What Is Chronic Pain and Why Is It Important?
Chronic pain is pain that lasts more than several months (variously defined as 3 to 6 months, but certainly longer than “normal healing”). It’s a very common problem. Results from the 2012 National Health Interview Survey show that:
More information About Chronic Pain
Chronic pain becomes more common as people grow older, at least in part because health problems that can cause pain, such as osteoarthritis, become more common with advancing age. Not all people with chronic pain have a physician-diagnosed health problem, but among those who do, the most frequent conditions by far are low-back pain or osteoarthritis, according to a national survey. Other common diagnoses include rheumatoid arthritis, migraine, carpal tunnel syndrome, and fibromyalgia. The annual economic cost of chronic pain in the United States, including both treatment and lost productivity, has been estimated at nearly $635 billion.
Chronic pain may result from an underlying disease or health condition, an injury, medical treatment (such as surgery), inflammation, or a problem in the nervous system (in which case it is called “neuropathic pain”), or the cause may be unknown. Pain can affect quality of life and productivity, and it may be accompanied by difficulty in moving around, disturbed sleep, anxiety, depression, and other problems.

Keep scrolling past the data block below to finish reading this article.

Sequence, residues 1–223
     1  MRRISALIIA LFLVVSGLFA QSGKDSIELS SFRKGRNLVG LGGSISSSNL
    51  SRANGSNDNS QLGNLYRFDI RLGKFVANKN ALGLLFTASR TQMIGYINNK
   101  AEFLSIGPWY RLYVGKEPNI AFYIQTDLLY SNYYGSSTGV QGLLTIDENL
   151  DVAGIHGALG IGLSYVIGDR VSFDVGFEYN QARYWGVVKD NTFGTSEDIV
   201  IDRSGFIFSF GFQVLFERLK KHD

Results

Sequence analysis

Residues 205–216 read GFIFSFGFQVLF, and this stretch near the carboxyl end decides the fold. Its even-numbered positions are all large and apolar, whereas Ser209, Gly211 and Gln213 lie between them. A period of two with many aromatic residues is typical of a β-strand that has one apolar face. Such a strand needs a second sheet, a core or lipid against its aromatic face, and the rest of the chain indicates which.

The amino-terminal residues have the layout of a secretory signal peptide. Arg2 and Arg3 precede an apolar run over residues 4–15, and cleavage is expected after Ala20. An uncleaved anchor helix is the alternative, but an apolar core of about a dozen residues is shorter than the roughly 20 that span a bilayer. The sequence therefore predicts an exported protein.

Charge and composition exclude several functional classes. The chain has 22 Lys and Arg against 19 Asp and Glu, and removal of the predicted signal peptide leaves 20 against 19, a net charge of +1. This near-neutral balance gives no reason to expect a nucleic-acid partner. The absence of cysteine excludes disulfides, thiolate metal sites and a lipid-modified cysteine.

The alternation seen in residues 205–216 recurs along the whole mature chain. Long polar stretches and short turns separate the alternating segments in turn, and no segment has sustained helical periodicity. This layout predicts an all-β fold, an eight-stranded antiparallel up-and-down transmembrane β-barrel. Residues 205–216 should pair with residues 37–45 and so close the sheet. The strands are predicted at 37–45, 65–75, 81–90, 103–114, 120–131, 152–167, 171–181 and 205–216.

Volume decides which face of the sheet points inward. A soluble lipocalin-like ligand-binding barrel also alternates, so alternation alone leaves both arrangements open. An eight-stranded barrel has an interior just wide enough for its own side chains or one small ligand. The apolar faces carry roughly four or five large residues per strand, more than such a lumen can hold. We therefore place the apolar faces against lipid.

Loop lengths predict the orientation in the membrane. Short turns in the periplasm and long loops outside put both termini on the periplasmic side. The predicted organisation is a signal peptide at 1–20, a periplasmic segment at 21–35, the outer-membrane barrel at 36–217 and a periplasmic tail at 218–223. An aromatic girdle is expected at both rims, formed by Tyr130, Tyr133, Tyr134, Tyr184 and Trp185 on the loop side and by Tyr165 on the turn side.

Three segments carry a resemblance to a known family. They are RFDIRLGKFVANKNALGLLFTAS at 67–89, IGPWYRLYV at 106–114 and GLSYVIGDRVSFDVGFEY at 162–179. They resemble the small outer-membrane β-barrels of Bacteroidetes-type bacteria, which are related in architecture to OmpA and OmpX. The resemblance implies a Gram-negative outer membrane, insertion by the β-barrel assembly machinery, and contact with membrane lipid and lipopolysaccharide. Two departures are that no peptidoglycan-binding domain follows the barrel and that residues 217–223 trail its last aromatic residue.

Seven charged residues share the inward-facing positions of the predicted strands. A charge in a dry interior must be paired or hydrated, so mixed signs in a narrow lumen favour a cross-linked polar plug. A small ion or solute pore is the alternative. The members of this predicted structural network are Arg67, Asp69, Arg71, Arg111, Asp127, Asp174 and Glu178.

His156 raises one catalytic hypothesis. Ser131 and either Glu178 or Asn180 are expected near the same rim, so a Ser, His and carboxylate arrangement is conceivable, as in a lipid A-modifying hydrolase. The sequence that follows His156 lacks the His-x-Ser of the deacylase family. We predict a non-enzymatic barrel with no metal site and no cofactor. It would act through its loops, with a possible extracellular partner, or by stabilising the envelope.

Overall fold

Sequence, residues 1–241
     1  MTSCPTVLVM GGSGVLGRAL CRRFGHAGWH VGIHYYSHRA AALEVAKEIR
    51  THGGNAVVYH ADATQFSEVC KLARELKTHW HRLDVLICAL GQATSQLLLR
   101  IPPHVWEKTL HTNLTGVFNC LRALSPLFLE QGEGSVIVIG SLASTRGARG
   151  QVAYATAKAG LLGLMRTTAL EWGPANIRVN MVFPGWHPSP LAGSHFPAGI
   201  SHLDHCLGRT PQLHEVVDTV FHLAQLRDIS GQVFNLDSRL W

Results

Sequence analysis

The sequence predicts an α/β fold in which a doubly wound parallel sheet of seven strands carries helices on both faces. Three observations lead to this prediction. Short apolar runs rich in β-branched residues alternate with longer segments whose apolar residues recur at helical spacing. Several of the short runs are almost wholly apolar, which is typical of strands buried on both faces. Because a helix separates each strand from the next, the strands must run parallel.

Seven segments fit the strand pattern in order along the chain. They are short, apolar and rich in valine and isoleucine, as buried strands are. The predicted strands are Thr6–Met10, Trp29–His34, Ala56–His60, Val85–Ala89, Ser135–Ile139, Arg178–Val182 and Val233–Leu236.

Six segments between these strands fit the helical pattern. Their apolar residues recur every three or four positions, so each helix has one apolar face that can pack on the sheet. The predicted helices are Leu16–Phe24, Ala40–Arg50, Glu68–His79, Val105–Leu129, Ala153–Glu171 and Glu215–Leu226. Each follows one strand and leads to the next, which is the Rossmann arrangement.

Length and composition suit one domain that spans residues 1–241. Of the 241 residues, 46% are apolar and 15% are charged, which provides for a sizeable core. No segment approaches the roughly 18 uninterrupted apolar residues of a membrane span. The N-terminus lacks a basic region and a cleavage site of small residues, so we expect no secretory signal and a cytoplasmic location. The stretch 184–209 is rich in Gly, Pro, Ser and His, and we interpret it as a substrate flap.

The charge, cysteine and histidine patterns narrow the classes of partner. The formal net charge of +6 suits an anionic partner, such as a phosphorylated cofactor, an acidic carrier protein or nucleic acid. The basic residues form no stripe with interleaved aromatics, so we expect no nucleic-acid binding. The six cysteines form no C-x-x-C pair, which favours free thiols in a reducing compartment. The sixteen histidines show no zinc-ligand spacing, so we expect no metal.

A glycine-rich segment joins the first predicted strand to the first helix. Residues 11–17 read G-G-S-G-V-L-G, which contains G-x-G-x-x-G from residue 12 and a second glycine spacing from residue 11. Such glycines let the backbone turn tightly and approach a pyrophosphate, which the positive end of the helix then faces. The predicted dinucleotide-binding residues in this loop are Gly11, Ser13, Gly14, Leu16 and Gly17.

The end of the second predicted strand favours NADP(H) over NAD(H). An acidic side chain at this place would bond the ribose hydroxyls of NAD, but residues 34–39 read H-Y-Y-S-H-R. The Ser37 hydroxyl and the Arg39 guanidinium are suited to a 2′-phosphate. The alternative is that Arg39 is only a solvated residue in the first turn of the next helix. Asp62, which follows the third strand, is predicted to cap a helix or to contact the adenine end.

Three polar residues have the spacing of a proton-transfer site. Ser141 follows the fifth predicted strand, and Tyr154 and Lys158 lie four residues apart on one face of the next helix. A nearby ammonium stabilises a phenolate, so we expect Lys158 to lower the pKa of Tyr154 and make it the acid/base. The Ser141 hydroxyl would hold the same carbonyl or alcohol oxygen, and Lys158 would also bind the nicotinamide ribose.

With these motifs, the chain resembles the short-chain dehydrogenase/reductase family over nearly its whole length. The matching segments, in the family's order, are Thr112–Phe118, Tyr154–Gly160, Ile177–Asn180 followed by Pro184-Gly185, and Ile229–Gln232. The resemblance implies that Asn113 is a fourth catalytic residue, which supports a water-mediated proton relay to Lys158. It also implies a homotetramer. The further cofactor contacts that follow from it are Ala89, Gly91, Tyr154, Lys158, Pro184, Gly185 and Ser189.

For more information about chronic pain, visit the National Institute of Neurological Disorders and Stroke.
What the Science Says About Complementary Health Approaches for Chronic Pain
The scientific evidence suggests that some complementary health approaches may help people manage chronic pain.
A comprehensive description of scientific research on all the complementary approaches that have been studied for chronic pain is beyond the scope of this fact sheet. This section highlights the research status of some approaches used for common kinds of pain.
Chronic pain in general
Some recent research has looked at the effects of complementary approaches on chronic pain in general rather than on specific painful conditions.
Irritable bowel syndrome
Other types of pain
Other complementary approaches
Source URL: https://nccih.nih.gov/health/pain/chronic.htm
Source Agency: National Center for Complementary and Integrative Health (NCCIH)